Lead Exposure Associated with Behavior Problems
Lead exposure in children is known to reduce IQ scores, but its effect on children's behavior has been uncertain. A study co-authored by a Children's Hospital investigator found that at age 7, children with higher-than-normal blood-lead levels were more likely to have behavior problems, such as aggression and difficulties in school.
The behavior problems identified in this study, published in the March issue of Pediatrics, were only partly related to lead's effects in lowering IQ, suggesting that even children with higher IQs may suffer from psychological and behavioral problems related to lead exposure.
Jerilynn Radcliffe, Ph.D., Department of Psychology, and her co-authors evaluated data from 622 children enrolled in the NIH-sponsored Treatment of Lead-Exposed Children Trial. The children were first studied between ages 12 to 33 months, then periodically followed up, and given neuropsychological and behavioral tests at ages 5 and 7. The investigators measured direct effects of blood-lead levels on behavior while adjusting for IQ.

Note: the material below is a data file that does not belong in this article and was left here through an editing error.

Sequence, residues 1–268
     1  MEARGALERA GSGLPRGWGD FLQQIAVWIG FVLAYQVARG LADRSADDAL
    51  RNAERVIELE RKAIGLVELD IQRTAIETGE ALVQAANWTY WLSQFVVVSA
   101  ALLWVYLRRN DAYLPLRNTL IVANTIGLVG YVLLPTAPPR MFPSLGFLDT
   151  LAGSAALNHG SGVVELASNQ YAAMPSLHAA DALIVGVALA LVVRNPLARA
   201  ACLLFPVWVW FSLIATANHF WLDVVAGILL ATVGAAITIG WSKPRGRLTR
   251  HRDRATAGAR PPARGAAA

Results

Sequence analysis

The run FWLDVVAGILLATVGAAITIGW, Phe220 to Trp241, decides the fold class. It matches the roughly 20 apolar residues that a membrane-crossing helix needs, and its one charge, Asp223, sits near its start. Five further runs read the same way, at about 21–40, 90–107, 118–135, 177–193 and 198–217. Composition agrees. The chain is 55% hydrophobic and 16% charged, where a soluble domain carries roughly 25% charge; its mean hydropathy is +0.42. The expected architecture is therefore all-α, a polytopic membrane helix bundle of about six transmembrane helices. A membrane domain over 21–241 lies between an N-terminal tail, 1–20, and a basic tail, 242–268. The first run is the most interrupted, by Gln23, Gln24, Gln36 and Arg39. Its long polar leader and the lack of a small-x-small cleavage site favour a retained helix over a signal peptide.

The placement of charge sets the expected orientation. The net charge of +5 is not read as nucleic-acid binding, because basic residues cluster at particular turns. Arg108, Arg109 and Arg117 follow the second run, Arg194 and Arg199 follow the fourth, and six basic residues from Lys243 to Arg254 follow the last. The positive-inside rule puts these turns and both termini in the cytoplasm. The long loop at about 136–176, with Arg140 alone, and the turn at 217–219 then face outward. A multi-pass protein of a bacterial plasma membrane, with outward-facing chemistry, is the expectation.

It was previously thought that adverse health effects from lead exposure were transient and decreased after the toddler years. Blood lead levels generally peak at age 2, but lower concentrations at school age may also be important because there is no safe threshold level at which lead does not have effects. This study suggests that health effects persist in school-age children.
The results may also point to a need to screen schoolchildren for elevated blood-lead levels and underscore the importance of preventing lead exposure. Measures such as cleaning residues of lead dust from old house paint should start in a child's earliest years and continue into school age.